where, δ_{ij}(t) is the relative displacement: δ_{ij}(t)
= (U_{j}(t)U_{i}(t)d), is
the relative velocity, is
the impact stiffness parameter and is
the impact element’s damping, which can be calculated as in Eq.
4 (Jankowski, 2005):
where, is
an impact damping ratio related to a coefficient of restitution e, which can
be defined as in Eq. 5 (Jankowski, 2006b):
NUMERICAL STUDY
A comprehensive study is conducted in order to investigate the influence of modelling structural behaviour using either elastic or inelastic systems on the response of buildings with different separation distances under different ground motions. The El Centro (1940), Cape Mendocino (1992) and Kobe (1995) earthquake records (Fig. 2) are considered to examine the seismic response of the two buildings. The PGA levels of the above earthquakes are 0.34, 0.59 and 0.82 g, respectively (g is the acceleration of gravity). Different separation distances are considered to examine the influence of the gap distance on the peak structural displacements, accelerations and pounding forces. The study is carried out for two cases: (1) two fourstorey buildings are considered to be elastic and (2) two fourstorey buildings are considered to be inelastic.
In the study, we compare the Maximum Elastic Responses (MER) (i.e., displacements,
accelerations and pounding forces) with the responses obtained considering the
buildings to behave inelastically (MIR). The difference between the results
of elastic behavior and the results of inelastic one is assessed by calculating
the Normalized Error (NE) according to the formula in Eq. 6
(Jankowski, 2005):
Properties of the structures: In the present study, two adjacent fourstorey
buildings are considered (Fig. 1). The mass values as well
as the stiffness and damping parameters are assumed to be the same for all storeys
of each structure. The mass of the storey of the left building is equal to 25×10^{3}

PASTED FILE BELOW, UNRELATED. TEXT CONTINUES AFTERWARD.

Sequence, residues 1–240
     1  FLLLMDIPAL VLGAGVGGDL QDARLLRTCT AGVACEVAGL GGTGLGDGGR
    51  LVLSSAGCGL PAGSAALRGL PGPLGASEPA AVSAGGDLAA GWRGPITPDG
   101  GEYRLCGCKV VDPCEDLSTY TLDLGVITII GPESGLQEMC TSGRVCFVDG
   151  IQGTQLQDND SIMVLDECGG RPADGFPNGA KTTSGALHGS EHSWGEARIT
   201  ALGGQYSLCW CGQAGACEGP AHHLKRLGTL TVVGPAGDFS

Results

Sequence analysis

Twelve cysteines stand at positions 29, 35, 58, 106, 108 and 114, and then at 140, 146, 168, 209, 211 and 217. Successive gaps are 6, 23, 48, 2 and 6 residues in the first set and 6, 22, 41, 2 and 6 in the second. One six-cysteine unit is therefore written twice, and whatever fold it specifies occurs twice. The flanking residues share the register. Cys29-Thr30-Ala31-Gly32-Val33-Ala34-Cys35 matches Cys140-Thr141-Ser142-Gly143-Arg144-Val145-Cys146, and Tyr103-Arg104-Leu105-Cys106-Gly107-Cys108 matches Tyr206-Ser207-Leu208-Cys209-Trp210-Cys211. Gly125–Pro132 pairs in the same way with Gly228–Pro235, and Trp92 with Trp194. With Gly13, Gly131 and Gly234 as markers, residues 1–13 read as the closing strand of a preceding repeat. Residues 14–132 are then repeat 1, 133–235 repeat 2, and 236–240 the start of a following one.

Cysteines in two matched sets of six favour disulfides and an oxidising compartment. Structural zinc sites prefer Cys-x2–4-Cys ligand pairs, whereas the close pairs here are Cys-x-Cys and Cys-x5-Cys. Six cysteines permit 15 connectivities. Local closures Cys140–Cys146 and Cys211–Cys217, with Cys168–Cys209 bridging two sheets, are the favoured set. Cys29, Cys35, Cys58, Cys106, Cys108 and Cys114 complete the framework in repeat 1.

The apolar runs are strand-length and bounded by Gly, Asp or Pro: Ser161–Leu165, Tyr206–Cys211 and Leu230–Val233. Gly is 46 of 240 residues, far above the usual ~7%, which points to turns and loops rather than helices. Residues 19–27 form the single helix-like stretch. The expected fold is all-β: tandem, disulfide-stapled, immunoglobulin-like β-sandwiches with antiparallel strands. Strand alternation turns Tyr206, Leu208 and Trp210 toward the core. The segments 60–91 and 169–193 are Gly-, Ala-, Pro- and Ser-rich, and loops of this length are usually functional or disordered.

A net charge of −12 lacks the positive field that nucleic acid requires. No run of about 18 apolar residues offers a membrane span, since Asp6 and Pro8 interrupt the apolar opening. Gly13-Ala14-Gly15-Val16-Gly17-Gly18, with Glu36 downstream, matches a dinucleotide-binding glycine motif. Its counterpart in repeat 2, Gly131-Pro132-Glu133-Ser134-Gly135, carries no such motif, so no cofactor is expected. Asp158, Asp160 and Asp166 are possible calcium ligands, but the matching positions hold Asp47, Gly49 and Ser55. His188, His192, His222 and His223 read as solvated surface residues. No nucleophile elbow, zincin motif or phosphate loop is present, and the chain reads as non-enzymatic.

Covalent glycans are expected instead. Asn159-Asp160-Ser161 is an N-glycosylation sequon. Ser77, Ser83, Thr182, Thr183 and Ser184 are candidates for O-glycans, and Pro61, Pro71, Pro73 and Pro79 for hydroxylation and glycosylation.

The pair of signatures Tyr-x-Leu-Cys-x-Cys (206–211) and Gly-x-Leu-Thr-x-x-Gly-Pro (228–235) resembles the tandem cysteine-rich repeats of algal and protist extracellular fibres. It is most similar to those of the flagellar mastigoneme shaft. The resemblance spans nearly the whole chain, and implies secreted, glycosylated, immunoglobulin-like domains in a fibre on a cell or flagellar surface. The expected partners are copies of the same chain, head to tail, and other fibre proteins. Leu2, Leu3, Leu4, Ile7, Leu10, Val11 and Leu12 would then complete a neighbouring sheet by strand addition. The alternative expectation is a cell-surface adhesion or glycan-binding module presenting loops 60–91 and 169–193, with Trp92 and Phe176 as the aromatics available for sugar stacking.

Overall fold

kg, whereas each storey of the right building has the mass of 10^{6}
kg. The storey stiffness is equal to 3.46×10^{6} N m^{1} and
2.215×10^{9} N m^{1} for the left and the right building, respectively.
The damping ratio for both buildings is taken as 5%. For the above values of
structural parameters the fundamental natural elastic periods of the structures
have been calculated as equal to 1.2 and 0.3 sec for left and the right building,
respectively. In the case of the inelastic response, the storey yield force
for each storey of the left building is set to be 1.369×10^{5} N, whereas
each storey of the right building yields when the force is equal to 1.589×10^{7}
N.

Fig. 2: 
Acceleration time histories of the El Centro (1940), Cape
Mendocino (1992) and Kobe (1995) ground motion records (PEER Strong Motion
Database: http://peer.berkeley.edu/smcat/) 
The parameters considered in the study make the left building to be lighter
and more flexible when compared with the right structure, which is heavier and
stiffer.
In the numerical analysis, the following values of parameters of the nonlinear
viscoelastic pounding force model are used: =
2.75×10^{9} N m^{3/2}, =
0.35 (e = 0.65) (Jankowski, 2008).
Solution of equation of motion: The coupling equation of motion (1)
is solved in the incremental form using Implicit RungeKutta (IRK) methods (Chen